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BREAKING: BC Introduces Community Contribution Company (CCC or C3) Business Model

By Julie King |

A first of its kind in Canada, the province of BC has introduced the Community Contribution Company (CCC or 3C) designation, a new business model open to companies that balance social responsibility and profit.

Simply put, the new 3C designation will signal that a for-profit company has a strong social component, with a significant portion of profits either going directly to community purposes or indirectly, through an eligible partner like a local charity.

Operating a C3 designated company goes beyond intent and creates a legal obligation for the company to meet its mandate. The government notes that it introduced the new business model in response to an emerging demand for socially focused investment options.

The new designation could create interesting opportunities for collaboration between for-profit and not-for-profit organizations, while also raising questions about whether the C3 status will enable businesses to attract funding that has traditionally been restricted to not-for-profit / non-governmental organizations.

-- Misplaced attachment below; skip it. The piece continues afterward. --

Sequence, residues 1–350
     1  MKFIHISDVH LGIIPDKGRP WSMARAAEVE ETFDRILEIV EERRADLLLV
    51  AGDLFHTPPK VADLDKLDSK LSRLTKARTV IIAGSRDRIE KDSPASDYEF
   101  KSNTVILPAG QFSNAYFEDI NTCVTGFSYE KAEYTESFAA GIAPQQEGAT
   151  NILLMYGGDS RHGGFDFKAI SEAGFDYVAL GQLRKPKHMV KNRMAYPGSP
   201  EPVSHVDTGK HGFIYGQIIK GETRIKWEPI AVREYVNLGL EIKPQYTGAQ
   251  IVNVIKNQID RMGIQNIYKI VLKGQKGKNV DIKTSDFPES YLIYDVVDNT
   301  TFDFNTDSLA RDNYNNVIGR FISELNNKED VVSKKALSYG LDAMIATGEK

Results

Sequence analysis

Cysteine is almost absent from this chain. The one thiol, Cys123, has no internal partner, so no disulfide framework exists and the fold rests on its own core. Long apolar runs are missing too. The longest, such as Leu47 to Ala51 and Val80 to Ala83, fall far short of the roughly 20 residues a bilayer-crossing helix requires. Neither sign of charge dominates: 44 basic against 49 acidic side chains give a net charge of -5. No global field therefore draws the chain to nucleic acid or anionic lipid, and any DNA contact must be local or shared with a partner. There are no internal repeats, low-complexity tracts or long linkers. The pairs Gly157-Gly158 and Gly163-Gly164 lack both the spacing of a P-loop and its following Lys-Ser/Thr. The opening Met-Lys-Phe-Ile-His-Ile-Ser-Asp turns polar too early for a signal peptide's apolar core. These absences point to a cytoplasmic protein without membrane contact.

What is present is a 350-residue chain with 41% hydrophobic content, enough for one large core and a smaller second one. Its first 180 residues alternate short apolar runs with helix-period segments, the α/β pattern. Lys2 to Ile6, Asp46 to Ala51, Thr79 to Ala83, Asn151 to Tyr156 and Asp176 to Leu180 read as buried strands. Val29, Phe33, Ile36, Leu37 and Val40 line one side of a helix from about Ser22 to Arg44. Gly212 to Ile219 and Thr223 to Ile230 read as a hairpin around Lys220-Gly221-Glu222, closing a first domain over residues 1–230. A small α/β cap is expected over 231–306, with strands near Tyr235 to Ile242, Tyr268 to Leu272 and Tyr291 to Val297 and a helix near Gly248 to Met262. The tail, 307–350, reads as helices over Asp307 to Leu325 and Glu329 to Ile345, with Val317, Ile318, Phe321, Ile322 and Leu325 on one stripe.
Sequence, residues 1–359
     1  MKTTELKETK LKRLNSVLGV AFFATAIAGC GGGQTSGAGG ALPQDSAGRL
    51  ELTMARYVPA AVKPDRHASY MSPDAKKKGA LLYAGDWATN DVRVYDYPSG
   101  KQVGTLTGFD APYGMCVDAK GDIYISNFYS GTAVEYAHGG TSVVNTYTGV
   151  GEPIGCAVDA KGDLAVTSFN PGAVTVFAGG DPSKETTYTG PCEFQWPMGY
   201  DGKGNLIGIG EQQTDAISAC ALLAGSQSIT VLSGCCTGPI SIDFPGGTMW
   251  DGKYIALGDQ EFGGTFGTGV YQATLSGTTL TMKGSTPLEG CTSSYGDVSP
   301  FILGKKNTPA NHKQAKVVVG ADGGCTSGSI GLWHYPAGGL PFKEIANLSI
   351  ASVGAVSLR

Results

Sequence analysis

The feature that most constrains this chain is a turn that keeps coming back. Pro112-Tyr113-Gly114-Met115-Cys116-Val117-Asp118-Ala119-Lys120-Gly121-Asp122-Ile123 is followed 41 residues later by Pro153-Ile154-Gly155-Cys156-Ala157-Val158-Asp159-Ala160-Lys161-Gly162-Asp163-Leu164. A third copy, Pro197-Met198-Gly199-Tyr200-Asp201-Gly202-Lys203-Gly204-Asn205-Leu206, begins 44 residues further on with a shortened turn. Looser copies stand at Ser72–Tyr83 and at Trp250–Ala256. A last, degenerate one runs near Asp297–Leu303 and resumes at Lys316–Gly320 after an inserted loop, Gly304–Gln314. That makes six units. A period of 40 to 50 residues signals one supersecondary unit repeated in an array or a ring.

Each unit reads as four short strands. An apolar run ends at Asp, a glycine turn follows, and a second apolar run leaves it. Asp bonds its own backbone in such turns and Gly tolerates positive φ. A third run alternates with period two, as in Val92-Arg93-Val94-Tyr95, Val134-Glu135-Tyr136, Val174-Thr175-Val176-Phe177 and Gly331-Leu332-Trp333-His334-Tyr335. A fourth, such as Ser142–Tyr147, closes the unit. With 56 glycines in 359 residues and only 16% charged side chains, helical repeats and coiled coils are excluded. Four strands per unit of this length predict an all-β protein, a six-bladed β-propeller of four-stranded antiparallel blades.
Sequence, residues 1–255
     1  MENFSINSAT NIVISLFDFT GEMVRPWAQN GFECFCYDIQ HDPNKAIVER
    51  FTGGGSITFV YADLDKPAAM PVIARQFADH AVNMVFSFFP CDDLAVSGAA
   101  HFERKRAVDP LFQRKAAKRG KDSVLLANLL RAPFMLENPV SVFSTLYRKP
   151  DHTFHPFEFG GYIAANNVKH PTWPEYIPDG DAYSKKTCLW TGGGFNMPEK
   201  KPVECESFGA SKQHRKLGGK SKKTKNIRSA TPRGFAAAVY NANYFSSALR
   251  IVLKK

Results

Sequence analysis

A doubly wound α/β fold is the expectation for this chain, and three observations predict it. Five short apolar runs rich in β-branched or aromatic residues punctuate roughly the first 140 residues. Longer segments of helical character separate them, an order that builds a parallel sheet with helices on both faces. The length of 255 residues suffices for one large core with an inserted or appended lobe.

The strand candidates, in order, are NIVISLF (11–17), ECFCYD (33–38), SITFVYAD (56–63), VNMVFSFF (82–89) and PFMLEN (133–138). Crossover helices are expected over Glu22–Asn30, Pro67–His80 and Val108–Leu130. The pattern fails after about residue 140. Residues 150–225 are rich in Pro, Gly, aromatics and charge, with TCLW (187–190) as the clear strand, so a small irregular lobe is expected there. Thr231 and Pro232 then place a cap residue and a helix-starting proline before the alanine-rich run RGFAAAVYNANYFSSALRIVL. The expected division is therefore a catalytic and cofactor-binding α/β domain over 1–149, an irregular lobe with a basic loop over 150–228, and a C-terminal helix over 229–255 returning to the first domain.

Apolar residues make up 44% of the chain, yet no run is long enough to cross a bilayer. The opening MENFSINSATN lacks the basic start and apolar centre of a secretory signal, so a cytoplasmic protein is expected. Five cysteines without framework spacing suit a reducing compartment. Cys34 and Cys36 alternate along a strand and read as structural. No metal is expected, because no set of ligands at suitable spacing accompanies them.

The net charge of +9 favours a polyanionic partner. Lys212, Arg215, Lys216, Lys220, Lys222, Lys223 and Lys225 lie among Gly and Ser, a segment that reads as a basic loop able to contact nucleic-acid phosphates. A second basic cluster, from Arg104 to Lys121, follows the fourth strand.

The C3 designation can be chosen by new corporations during registration. It is also available to existing corporations, which can elect to adopt the designation by amending the company name and constitution in accordance with the regulations that govern C3 corporations.

One key difference between a C3 corporation and a traditional one is that C3 corporations have what's known as an 'asset lock' that places a strict cap on dividends that can be paid to shareholders. There are also higher governance and reporting thresholds for C3 corporations, which must have at least three directors and must also publish an annual report outlining the corporation's activities.

More information and the legal requirements for acquiring C3 status can be found in the revised Business Corporations Act (BC):

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